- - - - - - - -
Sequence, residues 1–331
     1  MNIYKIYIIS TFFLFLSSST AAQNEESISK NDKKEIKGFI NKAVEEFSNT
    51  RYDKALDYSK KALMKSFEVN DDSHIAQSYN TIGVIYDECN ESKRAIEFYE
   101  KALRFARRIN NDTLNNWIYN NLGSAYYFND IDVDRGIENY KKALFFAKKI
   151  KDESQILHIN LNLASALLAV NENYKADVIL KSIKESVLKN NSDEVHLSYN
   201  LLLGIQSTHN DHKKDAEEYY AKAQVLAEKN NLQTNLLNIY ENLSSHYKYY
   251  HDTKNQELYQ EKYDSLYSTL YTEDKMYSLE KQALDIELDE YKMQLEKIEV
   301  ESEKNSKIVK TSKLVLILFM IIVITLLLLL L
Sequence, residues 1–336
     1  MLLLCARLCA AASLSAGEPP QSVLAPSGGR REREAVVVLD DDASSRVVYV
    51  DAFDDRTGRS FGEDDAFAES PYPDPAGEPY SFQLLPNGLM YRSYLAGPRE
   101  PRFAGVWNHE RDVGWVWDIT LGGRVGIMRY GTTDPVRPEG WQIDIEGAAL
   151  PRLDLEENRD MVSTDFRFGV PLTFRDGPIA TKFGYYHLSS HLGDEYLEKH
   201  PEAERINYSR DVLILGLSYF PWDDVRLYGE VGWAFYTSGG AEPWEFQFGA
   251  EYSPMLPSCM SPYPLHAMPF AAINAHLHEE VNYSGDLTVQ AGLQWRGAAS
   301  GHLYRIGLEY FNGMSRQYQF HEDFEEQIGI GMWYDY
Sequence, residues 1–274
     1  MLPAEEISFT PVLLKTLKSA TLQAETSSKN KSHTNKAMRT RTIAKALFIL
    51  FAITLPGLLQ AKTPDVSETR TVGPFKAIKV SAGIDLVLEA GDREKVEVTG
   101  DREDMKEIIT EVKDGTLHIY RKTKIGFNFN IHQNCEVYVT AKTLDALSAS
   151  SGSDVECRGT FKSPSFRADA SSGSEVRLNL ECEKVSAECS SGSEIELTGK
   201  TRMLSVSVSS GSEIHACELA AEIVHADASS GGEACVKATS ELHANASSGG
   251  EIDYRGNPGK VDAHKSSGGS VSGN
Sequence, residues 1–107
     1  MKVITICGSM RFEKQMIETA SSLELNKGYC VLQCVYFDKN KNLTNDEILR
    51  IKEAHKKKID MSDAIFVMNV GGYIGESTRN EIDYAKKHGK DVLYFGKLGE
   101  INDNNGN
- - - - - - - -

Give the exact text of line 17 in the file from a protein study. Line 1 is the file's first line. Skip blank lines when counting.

Sequence, residues 1–274